Alyssa Rosenberg makes excellent points on the idea that we should blame video game fantasies for violence but not the more consequential fantasies entertained by the likes of Gayle Trotter and Wayne LaPierre.
But at the same time that they were lamenting the idea of young men sitting at home working themselves up to kill by playing video games, both witnesses and senators were engaging in some of the same fantasies of heroic deployment of guns against imaginary enemies. Trotter imagined a Mr. and Mrs. Smith-like fantasy of a housewife brandishing high-caliber weapons in defense of her family: “An assault weapon in the hands of a young woman defending her babies in her home becomes a defense weapon and the peace of mind that a woman has as she’s facing three, four, five violent attackers, intruders in her home with her children screaming in the background, the peace of mind that she has knowing that she has a scary looking gun gives her more courage when she’s fighting hard and violent criminals.”
LaPierre’s fantasies justifying gun ownership were more post-apocalyptic, including dreams of a national disaster or a sudden breakdown in government, scenarios Baltimore Police Chief Jim Johnson called “scary, creepy and just not based on logic.” But Sen. Lindsey Graham backed up LaPierre’s argument, saying that the risk that “You could find yourself in a lawless environment in this country,” like the 1992 Los Angeles riots, justified the continued legality of higher-capacity magazines. [...]
Maybe there’s a difference between pretending to shoot targets in Call of Duty and going to the firing range, feeling the recoil of a weapon, and learning to appreciate what Walter Kirn, in an essay for The New Republic, calls “the power over the power of the gun.” But if yesterday’s gun control hearing proved anything, it’s that you don’t need to pick up a console to fantasize about emerging a hero by using guns to kill people who you believe are victimizing you. And when it comes to setting policy, the fantasies of people like Gayle Trotter and Wayne LaPierre have far more impact in the real world in the form of things like Stand Your Ground laws than the dreams of people who pick up pixelated weapons and head off into battle.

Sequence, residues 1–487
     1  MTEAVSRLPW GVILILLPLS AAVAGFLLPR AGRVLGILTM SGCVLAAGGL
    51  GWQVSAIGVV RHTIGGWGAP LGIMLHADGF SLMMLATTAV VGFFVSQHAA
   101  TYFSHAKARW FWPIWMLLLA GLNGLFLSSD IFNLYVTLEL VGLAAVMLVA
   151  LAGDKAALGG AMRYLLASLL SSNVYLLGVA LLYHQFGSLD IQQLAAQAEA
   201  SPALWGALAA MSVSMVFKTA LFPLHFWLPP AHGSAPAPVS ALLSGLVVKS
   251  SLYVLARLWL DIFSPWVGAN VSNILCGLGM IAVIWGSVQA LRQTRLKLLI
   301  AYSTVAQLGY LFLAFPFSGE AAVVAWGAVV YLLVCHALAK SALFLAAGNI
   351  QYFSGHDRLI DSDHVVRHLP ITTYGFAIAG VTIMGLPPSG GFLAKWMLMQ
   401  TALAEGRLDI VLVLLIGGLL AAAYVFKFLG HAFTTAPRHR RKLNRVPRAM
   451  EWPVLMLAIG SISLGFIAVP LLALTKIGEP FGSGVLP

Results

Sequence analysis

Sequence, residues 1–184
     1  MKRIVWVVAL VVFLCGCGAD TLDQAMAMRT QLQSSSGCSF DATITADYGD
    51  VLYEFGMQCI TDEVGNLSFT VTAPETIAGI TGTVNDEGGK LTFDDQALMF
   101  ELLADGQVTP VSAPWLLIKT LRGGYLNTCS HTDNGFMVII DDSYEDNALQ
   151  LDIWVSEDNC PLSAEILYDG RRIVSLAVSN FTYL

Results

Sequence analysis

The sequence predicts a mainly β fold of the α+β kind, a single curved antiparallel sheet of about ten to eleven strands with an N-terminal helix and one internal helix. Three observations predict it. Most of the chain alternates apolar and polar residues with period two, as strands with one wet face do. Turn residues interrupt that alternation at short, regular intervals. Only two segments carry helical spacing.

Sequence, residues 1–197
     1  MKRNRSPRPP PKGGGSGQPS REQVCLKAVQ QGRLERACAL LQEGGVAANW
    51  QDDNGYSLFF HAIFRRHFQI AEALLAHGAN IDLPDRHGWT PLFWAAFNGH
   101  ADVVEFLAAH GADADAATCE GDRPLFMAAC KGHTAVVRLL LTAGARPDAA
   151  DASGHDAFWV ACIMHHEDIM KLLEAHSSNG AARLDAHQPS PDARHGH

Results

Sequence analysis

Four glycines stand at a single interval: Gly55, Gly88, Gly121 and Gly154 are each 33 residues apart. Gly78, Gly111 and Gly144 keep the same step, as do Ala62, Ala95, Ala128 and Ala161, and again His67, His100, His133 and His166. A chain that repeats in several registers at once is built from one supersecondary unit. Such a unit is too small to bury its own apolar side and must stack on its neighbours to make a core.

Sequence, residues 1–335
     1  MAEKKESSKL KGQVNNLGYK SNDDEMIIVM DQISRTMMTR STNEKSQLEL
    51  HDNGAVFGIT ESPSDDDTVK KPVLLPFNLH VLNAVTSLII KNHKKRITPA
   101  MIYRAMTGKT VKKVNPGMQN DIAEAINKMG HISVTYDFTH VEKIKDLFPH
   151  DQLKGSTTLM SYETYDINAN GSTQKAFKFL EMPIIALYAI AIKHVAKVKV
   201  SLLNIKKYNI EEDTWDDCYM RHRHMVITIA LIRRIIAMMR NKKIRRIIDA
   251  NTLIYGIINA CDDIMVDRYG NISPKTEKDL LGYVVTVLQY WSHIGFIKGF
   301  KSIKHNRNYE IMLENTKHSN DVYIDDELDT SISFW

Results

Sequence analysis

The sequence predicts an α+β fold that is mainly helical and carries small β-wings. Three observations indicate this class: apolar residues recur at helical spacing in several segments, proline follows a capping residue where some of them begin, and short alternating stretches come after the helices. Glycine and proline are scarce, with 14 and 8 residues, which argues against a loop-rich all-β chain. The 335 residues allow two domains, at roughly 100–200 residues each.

Less formally, and with a quip, I refer to the Heroic Defender of Freedom fantasies of the Right as the Red Dawn Theory, but it's possible my poor attempt to satirize their fantasies doesn't adequately respect the consequences of their delusions.
If you view things like Stand Your Grand law, a law which more or less legitimizes murder, as a direct consequence of real world paranoia and fantasy, the idea that we should blame video games seems even more preposterous.
The former has tragic, real world consequences, while the latter is virtually consequence free. And my suspicion is that, if the two were to converge, and an unstable person who is already prone to violent thoughts begins entertaining both fantasies, that's the only case you could say video games may have had an influence on their actions in an indirect sense and after the fact. It's far less tangible and loose than the direct line that's easily drawn from Doomsday paranoia to laws that enshrine gun fetishism.
Of course all of this speculation would be for naught if we didn't have over 300 million guns in circulation in this country. It's simply far too easy to obtain one. Or two. Or a dozen.